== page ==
The World Health Organization’s regional director for the Eastern Mediterranean, Dr. Ahmed Al Mandhari, is calling for united action to strengthen health systems in the the Levant.
His masterplan, called Vision 2023, is geared towards helping countries deal with healthcare matters during times of sociopolitical and economic instability.
“I'll be working strongly, and in collaboration with member states and other United Nations agencies, to serve citizens of the region,” says Al Mandhari. “Globally, we are facing a lot of challenges. Challenges that are resulting into sometimes emergencies and disasters, either manmade or natural.”
Pressing to address in countries including Syria, Palestine and Jordan, according to Al Mandhari, is the rise of communicable diseases like polio.
He is also calling for heightened awareness of, and immunization programmes against, outbreaks of measles.
In the Middle East and North Africa region, diabetes and obesity are conditions Al Mandhari believes governments could do more to tackle.
“One of the key success factors for fighting against these types of diseases is raising the awareness of citizens, in terms of healthy lifestyles,” he says, adding that so-called ‘sin taxes’ on sugary and salty foods were effective in reducing people’s intake of unhealthy produce.
Cases of the twinned epidemic, dubbed ‘diobesity’, are expected to rise by 110% to 82 million by 2045, according to a report by Colliers International.
Eight countries including Kuwait, the UAE, Saudi Arabia and Lebanon have the highest global ratios of obesity amongst adults, with 27 to 40 percent of the population affected.
In terms of the economic burden for the region, it’s expected to jump by 67% to $35.5 billion in the next 26 years.
To counter the problem, the UAE’s Department of Health has developed a comprehensive plan to reduce obesity, with a goal of increasing physical activity in children by 15% - and reducing the average body mass index by the same percentage - by 2020.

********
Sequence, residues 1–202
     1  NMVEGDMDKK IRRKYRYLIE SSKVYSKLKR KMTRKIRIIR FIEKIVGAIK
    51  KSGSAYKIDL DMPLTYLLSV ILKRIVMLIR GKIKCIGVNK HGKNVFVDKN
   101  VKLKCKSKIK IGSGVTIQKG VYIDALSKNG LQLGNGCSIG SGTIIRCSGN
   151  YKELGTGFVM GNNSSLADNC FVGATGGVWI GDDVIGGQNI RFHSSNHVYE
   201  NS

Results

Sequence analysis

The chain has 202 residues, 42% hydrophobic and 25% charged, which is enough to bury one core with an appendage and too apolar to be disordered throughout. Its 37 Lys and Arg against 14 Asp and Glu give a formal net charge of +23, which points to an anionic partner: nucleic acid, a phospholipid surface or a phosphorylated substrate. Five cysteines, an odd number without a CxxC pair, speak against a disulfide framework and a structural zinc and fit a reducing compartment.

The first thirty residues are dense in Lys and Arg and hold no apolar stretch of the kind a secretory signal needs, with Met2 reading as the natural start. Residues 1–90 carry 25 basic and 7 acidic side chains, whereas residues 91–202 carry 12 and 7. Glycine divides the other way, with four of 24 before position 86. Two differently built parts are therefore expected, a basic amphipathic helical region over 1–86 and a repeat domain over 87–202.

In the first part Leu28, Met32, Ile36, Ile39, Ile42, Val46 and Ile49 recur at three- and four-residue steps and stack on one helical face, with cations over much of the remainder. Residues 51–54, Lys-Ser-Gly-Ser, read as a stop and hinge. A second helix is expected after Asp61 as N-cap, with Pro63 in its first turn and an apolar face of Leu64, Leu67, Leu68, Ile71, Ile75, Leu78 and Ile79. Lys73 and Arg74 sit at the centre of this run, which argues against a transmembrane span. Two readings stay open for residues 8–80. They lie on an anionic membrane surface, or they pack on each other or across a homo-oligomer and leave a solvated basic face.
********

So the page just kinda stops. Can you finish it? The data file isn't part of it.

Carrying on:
Healthcare professionals in the emirates are looking to new technologies like AI for management solutions for chronic illnesses. Without an overhaul of eating habits and sedentary lifestyles, however, the results could be muted says the WHO.
According to UNICEF, since March 2015 at least 7,300 children were killed or seriously injured in Yemen due to the civil war.
Having spent time in Yemeni hospitals in recent months, Al Mandhari said he was cautiously optimistic about the work being done on the ground to ease the humanitarian crisis.
“I've seen sick children, I visited hospitals, I visited nutritional rehabilitation or therapeutic centres, run and managed by WHO UNICEF and other United Nations agencies.” he says. “The work done in these centres is really a miracle to me.”
According to a United Nations study, there are currently more than 360,000 Yemini children suffering from severe acute malnutrition.
“The challenges are huge, not only in Yemen,” Al Mandhari went on to say, “It is around the globe and especially in our region. We just need to be very quick, very flexible and very dynamic in exploring these opportunities and making use of these opportunities.”